Early evening headlines yesterday, on BBC Radio 4 news, announced the “shocking” news that drugs for Alzheimer’s Disease / dementia had been de-listed in France. This story has not been followed-up, and appears to have been dropped quietly; although neither, apparently, has it been retracted or corrected in any transparent manner.
So far as can be discerned, the source of this news is not particularly new. The veracity of this particular news item cannot be verified conclusively, although – if true – it seems odd that no-one has brought this to the attention of UK / world audiences sooner.
“The drugs available in mid-2018 for Alzheimer’s Disease have only minimal and transient efficacy. They have disproportionate, serious and sometimes fatal adverse effects. …In May 2018, France’s Minister for Health took this negative harm-benefit balance into account. She decided that, from 1 August 2018, these drugs – donepezil, galantamine, rivastigmine and memantine – would be delisted, i.e. no longer reimbursed by the national health insurance system”.
Drugs for Alzheimer’s disease: finally delisted in France! [Online]: Prescrire in English [the Prescriber], June 15th 2018. [Médicaments de la maladie d’Alzheimer: enfin non remboursables en France!] Rev. Prescrire. 2018: 38(416).
Corroborative Evidence – Five Months Old
Circumstantial evidence, dating from late May 2018, confirms that the story does indeed have some basis, and may be true (if inexplicably belated):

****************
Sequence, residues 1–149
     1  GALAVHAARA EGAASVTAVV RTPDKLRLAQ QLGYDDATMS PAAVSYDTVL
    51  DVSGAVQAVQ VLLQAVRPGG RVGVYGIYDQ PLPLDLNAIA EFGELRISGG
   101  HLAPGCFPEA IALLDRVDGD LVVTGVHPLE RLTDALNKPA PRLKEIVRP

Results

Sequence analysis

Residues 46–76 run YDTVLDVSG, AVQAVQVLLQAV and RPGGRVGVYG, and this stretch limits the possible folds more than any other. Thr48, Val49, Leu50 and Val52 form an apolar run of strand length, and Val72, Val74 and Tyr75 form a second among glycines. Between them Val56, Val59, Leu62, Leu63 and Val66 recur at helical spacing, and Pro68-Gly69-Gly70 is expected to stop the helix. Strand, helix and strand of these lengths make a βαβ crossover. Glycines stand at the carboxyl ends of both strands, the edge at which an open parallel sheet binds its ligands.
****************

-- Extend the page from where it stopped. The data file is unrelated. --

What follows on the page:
Alzheimer’s Disease International (ADI) pledges to register anti-dementia drugs on WHO list of essential medicines. [Online]: Alzheimer’s Disease International, May 30th 2018.
Postscript – Proof Positive: October 2018 Update
Mystery explained; BBC News must have been reflecting / promoting the BBC Radio Four network’s own programme content from earlier the same day:
France Delists Alzheimer’s Drugs, Quality of Life After Hip Fracture, Prostate Cancer. London: BBC Radio 4’s Inside Health, October 17th 2018.
The latest NICE guideline on the subject was released in June 2018, so will not be updated in the light of these developments for some time to come.
Monotherapy Versus Combination Therapy?
Uncertain clinical significance…
Lawler, E. [and] Avila, A. (2018). Alzheimer Disease: Monotherapy vs. Combination Therapy. American Family Physician. April 1st 2017; 95(7): 452.
Possibly of interest:
Kennedy, RE. Cutter, GR. [and] Fowler, ME. [et al] (2018). Association of concomitant use of cholinesterase inhibitors or Memantine with cognitive decline in Alzheimer clinical trials: a meta-analysis. JAMA Network Open, 1(7), pp.e184080-e184080.
Galantamine-Memantine Drug Combination Superior to Donepezil-Memantine Combination?
The search for alternative drug combinations continues. For example:
Koola, MM. Nikiforuk, A. [and] Pillai, A. [et al] (2018). Galantamine-memantine combination superior to donepezil-memantine combination in Alzheimer’s disease: critical dissection with an emphasis on kynurenic acid and mismatch negativity. Journal of Geriatric Care and Research (JGCR). 2018, Vol.5(2): pp.57-67.
Hager, K. Baseman, AS. [and] Nye, JS. [et al] (2018). Effect of concomitant use of memantine on mortality and efficacy outcomes of galantamine-treated patients with Alzheimer’s disease: post-hoc analysis of a randomized placebo-controlled study. Alzheimer’s Research and Therapy. November 15th 2016; 8(1): 47.